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New Mexico behind national average in Census count


New Mexico’s self-response rate to the 2020 U.S. Census was 51.4 percent as of July 8, which is more than 10 points behind the national self-response rate of 62 percent, according to the U.S. Census Bureau.

 “The 2020 Census will determine congressional representation, inform hundreds of billions in federal funding every year, and provide data that will impact communities for the next decade,” according to www.2020census.gov/en/census-data.html.

A University of New Mexico study showed New Mexico with the second-worst response rate in the 2010 Census. If the state undercounts again in 2020, it could result in a loss of hundreds of millions of dollars in the next 10 years. The state will lose about $3,000 a year for every person not counted.

“Federal dollars for sidewalks, Section Eight housing, school lunches, Pell grants; these are just a few of the over 60 different programs your census count brings us,” said Mayor Ken Miyagishima.

“We have asked Las Cruces community members to be heroes this year and respond to the census, because billions of dollars are at stake as well as having an accurate representation of elected officials at all levels of government including the United States Congress, New Mexico legislature, and local bodies such as the city council,” interim City Manager David Maestas said. “The more people who are counted, the more money [we] get for schools, health care services, hospitals, roads and public safety.”

The 2020 Census count began Jan. 21, when the Census Bureau started counting people in the rural village of Toksook Bay, Alaska. In mid-March, the bureau mailed information nationwide on how to complete the census online, by phone or by mail. In mid-April it mailed paper questionnaires to homes that had not yet responded online or by phone.

Here is the Census Bureau’s timeline going forward:

  • Now-Sept. 3: Census takers will work with administrators at colleges, senior centers, prisons and other facilities that house large numbers of people to make sure everyone is counted.
  • Aug. 11-Oct. 31: Census takers will conduct interviews at homes that haven't responded to the 2020 Census.
  • December: The Census Bureau will deliver apportionment counts to the president and Congress.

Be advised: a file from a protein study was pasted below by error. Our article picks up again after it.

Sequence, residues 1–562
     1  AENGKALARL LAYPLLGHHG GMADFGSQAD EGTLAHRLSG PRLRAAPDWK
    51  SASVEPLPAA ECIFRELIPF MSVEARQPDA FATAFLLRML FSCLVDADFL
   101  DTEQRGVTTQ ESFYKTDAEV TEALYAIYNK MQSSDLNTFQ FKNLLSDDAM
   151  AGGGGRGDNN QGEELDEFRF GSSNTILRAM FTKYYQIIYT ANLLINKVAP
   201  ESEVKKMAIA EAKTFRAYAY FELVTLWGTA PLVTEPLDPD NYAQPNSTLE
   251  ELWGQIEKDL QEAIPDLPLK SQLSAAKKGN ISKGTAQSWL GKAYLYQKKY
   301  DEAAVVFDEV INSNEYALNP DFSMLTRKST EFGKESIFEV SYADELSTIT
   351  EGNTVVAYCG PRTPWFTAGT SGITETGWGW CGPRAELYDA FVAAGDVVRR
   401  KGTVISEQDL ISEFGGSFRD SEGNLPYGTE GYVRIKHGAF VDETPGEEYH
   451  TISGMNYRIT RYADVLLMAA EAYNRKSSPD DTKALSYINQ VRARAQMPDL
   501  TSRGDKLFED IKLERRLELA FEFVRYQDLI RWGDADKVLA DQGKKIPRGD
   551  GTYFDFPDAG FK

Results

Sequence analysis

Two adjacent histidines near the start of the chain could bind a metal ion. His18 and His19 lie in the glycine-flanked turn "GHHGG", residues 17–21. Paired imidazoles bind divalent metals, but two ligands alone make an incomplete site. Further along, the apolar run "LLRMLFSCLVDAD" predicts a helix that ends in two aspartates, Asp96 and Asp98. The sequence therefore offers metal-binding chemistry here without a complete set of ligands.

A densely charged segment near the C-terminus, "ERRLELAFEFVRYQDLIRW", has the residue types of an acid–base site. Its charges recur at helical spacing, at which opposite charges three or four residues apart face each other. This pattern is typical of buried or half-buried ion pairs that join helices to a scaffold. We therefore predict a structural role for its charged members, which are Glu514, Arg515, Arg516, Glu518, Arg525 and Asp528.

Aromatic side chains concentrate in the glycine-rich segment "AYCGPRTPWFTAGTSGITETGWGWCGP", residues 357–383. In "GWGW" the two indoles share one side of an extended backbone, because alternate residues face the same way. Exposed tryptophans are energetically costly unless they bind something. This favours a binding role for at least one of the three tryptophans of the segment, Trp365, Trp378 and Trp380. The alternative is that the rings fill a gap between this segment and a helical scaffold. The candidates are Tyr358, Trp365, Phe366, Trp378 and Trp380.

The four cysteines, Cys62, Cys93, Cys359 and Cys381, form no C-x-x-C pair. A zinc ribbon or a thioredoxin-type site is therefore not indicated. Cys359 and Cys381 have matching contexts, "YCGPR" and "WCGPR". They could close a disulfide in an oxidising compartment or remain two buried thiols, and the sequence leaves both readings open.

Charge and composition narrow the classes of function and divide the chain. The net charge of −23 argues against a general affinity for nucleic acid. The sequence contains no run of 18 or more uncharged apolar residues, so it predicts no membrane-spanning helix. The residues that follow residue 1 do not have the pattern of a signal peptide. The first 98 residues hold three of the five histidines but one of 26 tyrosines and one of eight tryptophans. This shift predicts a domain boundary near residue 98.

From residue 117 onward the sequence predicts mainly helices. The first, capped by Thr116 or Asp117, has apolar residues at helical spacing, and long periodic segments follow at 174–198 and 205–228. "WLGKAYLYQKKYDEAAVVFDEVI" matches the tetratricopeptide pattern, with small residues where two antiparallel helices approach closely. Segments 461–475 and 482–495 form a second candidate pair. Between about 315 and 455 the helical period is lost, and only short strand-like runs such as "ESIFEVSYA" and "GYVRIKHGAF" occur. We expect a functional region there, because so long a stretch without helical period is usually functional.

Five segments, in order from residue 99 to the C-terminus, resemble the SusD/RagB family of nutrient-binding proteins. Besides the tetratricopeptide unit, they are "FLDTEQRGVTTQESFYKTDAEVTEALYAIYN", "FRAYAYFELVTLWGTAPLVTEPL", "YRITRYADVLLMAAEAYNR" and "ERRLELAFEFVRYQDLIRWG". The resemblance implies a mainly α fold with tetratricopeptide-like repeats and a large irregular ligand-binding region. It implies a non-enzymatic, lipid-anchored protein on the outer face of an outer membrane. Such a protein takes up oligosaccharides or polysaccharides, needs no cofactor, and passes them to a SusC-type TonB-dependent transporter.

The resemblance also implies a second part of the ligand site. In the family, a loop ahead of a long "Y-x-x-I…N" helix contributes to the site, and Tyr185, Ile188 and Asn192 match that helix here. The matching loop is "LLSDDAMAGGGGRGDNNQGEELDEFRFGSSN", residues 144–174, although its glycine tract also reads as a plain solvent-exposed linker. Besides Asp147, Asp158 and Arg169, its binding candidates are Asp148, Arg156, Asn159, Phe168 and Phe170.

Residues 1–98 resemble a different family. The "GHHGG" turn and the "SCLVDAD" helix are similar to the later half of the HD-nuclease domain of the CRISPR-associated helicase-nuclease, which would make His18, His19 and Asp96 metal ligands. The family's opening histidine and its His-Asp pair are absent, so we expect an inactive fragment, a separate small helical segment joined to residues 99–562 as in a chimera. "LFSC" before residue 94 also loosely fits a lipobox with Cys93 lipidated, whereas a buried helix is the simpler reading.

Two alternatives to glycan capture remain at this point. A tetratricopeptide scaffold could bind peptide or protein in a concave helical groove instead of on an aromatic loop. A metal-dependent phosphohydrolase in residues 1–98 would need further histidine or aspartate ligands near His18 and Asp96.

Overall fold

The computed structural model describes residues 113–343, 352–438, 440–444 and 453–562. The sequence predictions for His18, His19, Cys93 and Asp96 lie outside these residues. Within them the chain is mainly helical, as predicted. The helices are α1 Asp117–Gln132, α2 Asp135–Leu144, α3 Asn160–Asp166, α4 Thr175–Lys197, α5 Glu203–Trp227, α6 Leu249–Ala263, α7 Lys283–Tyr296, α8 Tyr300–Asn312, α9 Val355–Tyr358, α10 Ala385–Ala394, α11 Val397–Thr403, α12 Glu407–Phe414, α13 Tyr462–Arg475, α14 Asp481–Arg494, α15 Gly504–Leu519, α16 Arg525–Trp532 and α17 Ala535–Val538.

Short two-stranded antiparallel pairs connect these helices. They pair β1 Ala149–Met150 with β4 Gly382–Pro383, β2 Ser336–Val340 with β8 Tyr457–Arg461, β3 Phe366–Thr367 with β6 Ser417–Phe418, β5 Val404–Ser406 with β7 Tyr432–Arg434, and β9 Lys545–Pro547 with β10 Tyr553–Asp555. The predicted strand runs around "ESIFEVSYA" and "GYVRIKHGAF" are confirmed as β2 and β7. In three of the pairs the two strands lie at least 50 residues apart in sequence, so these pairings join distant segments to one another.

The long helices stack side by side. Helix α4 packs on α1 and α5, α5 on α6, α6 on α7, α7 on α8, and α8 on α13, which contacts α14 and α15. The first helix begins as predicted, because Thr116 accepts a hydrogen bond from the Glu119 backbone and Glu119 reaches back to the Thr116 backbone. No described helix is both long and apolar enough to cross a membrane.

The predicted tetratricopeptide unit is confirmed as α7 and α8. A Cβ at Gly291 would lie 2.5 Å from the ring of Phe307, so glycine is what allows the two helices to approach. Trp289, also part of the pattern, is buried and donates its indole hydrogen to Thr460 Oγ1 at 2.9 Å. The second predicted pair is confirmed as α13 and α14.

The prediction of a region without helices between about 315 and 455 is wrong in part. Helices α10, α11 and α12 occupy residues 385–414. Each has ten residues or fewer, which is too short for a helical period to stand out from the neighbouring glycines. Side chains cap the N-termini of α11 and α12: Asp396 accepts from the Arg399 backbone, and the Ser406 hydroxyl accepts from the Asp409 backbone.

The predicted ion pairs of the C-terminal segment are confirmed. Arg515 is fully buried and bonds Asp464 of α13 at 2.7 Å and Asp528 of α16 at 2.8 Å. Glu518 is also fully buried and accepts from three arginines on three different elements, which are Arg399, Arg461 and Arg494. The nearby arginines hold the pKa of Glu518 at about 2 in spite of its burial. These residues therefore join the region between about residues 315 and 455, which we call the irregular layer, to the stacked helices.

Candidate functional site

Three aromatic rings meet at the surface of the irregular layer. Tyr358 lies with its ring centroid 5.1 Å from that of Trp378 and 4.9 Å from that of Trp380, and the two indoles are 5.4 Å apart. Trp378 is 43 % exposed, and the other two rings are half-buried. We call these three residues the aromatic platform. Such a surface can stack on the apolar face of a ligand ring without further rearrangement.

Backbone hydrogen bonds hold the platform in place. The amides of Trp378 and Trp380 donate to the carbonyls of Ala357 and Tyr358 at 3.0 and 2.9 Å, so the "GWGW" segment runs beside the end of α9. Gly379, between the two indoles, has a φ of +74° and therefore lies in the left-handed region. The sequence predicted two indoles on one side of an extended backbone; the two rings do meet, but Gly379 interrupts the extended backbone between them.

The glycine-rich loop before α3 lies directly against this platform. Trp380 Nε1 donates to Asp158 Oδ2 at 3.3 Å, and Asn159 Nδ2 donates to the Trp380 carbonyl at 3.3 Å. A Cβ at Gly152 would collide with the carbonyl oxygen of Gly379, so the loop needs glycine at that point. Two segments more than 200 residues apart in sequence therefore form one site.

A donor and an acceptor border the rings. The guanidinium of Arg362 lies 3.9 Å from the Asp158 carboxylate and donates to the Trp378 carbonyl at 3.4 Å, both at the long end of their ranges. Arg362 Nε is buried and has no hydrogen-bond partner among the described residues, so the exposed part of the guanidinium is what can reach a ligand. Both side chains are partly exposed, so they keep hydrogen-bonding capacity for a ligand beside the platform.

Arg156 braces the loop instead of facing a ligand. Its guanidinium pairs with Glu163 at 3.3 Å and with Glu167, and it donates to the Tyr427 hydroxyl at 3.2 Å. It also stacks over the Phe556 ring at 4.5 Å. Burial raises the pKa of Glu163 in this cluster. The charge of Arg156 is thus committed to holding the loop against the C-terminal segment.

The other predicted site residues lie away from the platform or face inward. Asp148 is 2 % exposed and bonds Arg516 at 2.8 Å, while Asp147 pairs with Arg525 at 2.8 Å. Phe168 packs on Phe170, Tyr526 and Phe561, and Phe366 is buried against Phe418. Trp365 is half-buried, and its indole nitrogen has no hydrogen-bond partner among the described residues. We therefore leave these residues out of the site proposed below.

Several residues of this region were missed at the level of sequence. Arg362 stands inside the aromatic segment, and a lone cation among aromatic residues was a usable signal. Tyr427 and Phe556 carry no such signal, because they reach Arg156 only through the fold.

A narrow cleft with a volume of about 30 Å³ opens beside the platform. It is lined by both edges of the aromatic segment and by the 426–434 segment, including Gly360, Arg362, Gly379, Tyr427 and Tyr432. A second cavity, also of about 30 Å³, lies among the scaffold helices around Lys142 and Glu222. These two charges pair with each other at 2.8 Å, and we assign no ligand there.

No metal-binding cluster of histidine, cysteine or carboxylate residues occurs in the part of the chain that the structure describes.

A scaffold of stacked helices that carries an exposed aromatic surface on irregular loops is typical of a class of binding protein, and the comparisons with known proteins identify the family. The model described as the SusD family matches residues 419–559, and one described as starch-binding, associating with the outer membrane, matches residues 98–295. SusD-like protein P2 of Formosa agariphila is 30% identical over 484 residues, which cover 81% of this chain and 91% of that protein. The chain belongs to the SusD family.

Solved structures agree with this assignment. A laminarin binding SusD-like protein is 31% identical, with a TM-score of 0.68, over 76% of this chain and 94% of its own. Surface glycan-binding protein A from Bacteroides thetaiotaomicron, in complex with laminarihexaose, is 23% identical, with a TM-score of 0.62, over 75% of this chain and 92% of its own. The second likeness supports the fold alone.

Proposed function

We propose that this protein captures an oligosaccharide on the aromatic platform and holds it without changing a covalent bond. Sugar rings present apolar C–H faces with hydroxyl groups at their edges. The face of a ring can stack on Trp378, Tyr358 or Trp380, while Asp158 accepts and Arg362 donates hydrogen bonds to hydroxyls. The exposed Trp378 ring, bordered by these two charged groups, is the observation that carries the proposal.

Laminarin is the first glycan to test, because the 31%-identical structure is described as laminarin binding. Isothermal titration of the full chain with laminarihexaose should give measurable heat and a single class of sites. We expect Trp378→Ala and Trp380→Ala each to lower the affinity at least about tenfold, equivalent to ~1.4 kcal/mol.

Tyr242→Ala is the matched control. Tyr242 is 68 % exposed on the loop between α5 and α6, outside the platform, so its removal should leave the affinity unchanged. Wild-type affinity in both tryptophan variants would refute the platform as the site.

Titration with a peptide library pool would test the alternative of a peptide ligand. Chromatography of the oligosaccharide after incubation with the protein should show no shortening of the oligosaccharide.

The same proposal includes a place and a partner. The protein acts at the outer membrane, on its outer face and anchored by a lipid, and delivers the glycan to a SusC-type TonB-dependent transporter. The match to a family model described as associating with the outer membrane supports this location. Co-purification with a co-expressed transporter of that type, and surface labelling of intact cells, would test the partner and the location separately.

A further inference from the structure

• March 31, 2021: The Census Bureau will send redistricting counts to the states. This information is used to redraw legislative districts based on population changes.

Forecasters are already projecting that up to 10 states could lose a U.S. House of Representatives seat as a result of the final 2020 Census count, and seven states – including Texas and Colorado – could gain seats. New Mexico is likely to keep its three seats.

The Census Bureau estimates the U.S. population (50 states plus Washington, D.C.) as of April 1, 2020 was 329.5 million, up 6.7 percent from the 2010 Census.

The Census Bureau reported that 132 programs used Census Bureau data to distribute more than $675 billion in funds during FY2015. Recipients included medical, childcare, school lunch, housing, education (including Head Start), food and small business development programs.

The Project On Government Oversight (POGO) a nonpartisan independent watchdog (www.pogo.org), said in March that 316 federal programs will distribute $1.5 billion based on 2020 Census results.

POGO said New Mexico received nearly $11 billion in census-guided federal spending in FY2017. The amounts to almost 13.1 percent of personal income, ranking New Mexico fifth nationally. New Mexico’s final self-response rate for the 2010 Census was 60 percent, according to POGO.

Complete the census online at www.my2020census.gov or call 1-844-330-2020.

Visit the city website (www.las-cruces.org) and type “census” in the search window to learn more.

Census, 2020 U.S. Census, New Mexico